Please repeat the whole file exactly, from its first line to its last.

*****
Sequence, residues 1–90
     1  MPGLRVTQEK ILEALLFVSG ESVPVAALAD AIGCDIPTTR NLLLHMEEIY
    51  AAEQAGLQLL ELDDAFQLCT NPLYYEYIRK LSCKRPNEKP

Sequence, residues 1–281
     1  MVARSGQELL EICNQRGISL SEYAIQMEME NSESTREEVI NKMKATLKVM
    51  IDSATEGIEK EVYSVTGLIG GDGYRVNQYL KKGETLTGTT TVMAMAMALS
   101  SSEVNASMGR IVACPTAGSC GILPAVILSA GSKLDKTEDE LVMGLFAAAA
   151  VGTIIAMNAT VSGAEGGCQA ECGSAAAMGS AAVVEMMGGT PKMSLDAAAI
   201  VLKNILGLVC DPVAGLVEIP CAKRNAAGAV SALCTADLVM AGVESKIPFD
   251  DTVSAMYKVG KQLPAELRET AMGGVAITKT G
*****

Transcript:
Sequence, residues 1–90
     1  MPGLRVTQEK ILEALLFVSG ESVPVAALAD AIGCDIPTTR NLLLHMEEIY
    51  AAEQAGLQLL ELDDAFQLCT NPLYYEYIRK LSCKRPNEKP

Sequence, residues 1–281
     1  MVARSGQELL EICNQRGISL SEYAIQMEME NSESTREEVI NKMKATLKVM
    51  IDSATEGIEK EVYSVTGLIG GDGYRVNQYL KKGETLTGTT TVMAMAMALS
   101  SSEVNASMGR IVACPTAGSC GILPAVILSA GSKLDKTEDE LVMGLFAAAA
   151  VGTIIAMNAT VSGAEGGCQA ECGSAAAMGS AAVVEMMGGT PKMSLDAAAI
   201  VLKNILGLVC DPVAGLVEIP CAKRNAAGAV SALCTADLVM AGVESKIPFD
   251  DTVSAMYKVG KQLPAELRET AMGGVAITKT G